He’s just finished a meeting with the promoter of a large Indian corporation who wants to raise half a billion dollars and is sitting in his 5th-floor office in Mumbai’s Bandra-Kurla commercial complex. “Business is flowing in for us,” says Sanjay Nayar, the dapper 46-year-old CEO of Citigroup’s Indian operations and Area Head for Bangladesh, Nepal and Sri Lanka.
Nayar’s just back from a meeting with Citigroup’s global CEO, Vikram Pandit in Citi’s New York headquarters, where things are far more down-tempo than they are here in India. There Pandit, 51, who took charge at the bank in December 2007, is grappling with the onerous task of restructuring Citi’s global balance sheet.
The biggest bank in the US has been hit hard by the subprime crisis with losses and writedowns mounting close to $50 billion since mid-2007. What’s scaring Citibankers in India and elsewhere is Pandit’s declaration that he wants to sell assets worth $400 billion over the next three years. Recently, the bank sold its German banking operations for $7.7 billion to France’s Crédit Mutuel and speculation is rife about a possible offloading of Citi’s non-core assets in Japan.
Back in India, Nayar, too, has his plate full, although Citi’s Indian operations are far better off than what its global situation looks like. Still, his troubles are irksome. Recently, three key Citi executives left the bank—Rajesh Mayani, Director of institutional sales, Ratnesh Kumar, head of research and Narayan Mulchandani, director (sales), in Hong Kong, signed up with a local Indian stockbroking firm, Anand Rathi Securities. Besides these, two others, Anil Gudibande, director and Ashish Pitale, director, global banking, moved to AIG Private Equity and Deutsche Bank, respectively.
Nayar, a 23-year Citi veteran, is concerned about these exits. “I’m never happy about losing people. I take people exits very seriously,” says Nayar, throwing his hands up in despair. Adds Citi’s HRD head Ian Gore, downplaying the recent attrition a bit: “Citi has always been a natural target for industry to source talent.”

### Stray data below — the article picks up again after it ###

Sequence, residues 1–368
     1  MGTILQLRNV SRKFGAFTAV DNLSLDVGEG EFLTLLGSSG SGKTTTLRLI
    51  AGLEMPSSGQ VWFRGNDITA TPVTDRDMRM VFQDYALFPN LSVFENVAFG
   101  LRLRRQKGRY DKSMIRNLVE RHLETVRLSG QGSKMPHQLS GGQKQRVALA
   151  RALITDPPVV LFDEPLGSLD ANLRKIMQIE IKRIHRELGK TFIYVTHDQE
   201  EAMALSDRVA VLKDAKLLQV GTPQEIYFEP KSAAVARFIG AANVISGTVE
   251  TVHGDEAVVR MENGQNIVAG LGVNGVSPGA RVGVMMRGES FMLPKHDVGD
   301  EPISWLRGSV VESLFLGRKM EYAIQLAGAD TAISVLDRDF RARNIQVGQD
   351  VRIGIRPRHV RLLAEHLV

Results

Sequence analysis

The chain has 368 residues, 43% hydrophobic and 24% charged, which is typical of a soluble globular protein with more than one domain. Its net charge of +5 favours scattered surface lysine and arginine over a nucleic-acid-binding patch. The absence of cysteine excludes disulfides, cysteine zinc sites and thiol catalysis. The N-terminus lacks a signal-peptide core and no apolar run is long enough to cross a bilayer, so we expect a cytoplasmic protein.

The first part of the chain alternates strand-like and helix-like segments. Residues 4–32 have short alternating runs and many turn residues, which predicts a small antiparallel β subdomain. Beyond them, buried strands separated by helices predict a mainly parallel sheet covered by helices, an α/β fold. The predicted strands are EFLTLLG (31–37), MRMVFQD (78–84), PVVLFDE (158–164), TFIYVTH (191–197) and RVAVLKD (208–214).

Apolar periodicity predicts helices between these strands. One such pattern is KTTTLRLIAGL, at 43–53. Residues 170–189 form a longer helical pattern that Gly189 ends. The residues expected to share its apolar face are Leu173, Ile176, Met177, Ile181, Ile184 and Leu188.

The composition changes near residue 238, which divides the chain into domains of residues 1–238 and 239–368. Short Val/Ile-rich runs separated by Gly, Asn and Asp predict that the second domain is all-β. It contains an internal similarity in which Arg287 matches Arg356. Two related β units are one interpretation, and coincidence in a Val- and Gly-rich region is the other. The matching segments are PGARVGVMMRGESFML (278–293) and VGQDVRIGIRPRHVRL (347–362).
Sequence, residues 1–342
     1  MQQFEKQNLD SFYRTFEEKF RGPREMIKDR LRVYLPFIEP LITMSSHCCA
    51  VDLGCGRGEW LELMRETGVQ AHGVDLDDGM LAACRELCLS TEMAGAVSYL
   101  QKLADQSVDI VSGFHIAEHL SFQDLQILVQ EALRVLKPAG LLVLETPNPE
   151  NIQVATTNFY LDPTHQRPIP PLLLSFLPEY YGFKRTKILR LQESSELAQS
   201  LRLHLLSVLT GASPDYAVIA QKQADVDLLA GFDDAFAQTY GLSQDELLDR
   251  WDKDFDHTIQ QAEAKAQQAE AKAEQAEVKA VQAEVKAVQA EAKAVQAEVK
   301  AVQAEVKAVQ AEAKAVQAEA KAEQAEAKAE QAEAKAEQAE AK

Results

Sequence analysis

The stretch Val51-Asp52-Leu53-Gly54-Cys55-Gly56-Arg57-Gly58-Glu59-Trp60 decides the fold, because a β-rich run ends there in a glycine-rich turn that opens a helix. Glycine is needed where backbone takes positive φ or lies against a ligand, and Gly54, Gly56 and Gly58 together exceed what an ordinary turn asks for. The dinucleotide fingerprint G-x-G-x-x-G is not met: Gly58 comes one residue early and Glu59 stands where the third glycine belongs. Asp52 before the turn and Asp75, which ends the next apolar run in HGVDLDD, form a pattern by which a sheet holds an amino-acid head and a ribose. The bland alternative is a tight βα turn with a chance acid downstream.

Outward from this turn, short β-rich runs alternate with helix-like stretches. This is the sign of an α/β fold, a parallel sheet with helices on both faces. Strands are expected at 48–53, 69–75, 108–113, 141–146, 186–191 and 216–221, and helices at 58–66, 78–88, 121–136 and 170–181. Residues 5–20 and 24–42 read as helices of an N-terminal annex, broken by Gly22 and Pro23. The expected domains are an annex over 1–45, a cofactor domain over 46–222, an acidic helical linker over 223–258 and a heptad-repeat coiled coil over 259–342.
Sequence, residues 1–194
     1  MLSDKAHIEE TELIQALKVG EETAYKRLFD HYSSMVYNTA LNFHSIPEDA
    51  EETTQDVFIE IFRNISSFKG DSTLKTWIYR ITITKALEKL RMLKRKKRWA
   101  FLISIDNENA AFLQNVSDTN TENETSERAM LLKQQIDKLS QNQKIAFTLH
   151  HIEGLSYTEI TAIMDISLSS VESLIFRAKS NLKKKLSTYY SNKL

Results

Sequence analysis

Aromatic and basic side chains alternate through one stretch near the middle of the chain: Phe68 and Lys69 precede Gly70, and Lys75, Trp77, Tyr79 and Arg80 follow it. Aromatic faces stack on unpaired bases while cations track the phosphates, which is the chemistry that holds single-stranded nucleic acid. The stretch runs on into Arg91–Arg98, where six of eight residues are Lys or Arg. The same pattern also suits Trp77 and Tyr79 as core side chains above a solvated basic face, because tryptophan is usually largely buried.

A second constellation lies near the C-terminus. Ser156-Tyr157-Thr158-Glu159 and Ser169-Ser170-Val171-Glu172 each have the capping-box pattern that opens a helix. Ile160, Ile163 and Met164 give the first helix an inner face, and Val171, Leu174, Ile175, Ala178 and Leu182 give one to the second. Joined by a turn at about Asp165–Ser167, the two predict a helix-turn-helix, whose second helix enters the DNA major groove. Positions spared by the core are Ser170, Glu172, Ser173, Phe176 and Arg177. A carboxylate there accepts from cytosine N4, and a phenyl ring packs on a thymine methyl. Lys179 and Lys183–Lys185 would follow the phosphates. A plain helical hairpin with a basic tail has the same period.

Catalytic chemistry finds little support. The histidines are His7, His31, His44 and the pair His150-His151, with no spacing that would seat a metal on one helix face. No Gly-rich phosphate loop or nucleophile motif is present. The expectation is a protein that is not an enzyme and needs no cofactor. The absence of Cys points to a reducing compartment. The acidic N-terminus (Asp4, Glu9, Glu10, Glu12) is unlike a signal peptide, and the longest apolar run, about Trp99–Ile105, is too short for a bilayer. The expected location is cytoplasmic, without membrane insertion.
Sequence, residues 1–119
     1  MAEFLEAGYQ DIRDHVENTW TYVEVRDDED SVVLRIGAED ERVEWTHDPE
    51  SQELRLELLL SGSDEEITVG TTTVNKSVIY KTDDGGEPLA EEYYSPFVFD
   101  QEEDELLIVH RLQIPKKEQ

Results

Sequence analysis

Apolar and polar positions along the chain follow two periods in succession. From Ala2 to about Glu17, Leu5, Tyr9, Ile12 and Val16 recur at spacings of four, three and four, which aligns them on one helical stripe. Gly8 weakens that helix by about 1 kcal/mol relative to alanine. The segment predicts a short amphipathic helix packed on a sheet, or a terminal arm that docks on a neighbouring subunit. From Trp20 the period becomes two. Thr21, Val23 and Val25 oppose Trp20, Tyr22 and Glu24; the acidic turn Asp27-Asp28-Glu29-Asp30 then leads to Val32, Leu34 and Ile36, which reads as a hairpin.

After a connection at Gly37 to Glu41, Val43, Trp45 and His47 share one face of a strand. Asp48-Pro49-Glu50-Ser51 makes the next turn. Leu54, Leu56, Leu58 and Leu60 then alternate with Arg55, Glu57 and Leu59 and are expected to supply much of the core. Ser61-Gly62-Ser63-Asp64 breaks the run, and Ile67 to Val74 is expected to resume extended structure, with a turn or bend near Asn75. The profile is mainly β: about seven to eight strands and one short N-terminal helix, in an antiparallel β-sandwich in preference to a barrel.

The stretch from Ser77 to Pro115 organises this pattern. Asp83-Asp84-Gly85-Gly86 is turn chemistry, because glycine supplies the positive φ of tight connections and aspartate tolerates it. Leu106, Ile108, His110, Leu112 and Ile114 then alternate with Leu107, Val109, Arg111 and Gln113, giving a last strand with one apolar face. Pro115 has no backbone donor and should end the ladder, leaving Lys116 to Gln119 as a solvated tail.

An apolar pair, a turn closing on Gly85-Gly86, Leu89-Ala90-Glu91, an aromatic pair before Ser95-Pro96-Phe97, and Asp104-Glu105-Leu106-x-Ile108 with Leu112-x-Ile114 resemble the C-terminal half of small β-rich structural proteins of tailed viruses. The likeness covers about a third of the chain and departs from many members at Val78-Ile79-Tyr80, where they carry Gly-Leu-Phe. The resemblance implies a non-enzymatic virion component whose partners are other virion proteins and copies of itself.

Keeping his flock together is quite evidently high priority for Nayar because stability of Citi’s Indian business is vital for the bank’s global operations as well. In the next month or so, Pandit is expected to visit India for the first time since he took charge at the bank. Pandit’s predecessor, Chuck Prince, who visited India in March 2007, had famously called India the bank’s “single-biggest driver of growth” for the group’s international operations.
As Nayar prepares for his boss’s visit, Citi also has to deal with the vexing question of how it deals with its rapidly growing operations in emerging markets like India, which are in sharp contrast with what is happening in the developed markets.
One scenario, often speculated in the market, is that Citi has little choice but to scale down Indian operations to tide over the crisis by trimming costs. Another scenario could be to go in the opposite direction and step on the gas in the faster growing emerging markets like India, China, Mexico and Brazil.
For now, it isn’t very clear which option the Citigroup’s management will adopt. That sort of uncertainty has Citi India’s 22,000 employees more than a little worried about their future. A proposal to link their annual bonuses with the overall global performance of the bank is also a hot topic of discussion among them. Says Gore: “We have ensured that employees here know exactly what’s happening in the organisation and also the strategy to properly position ourselves.”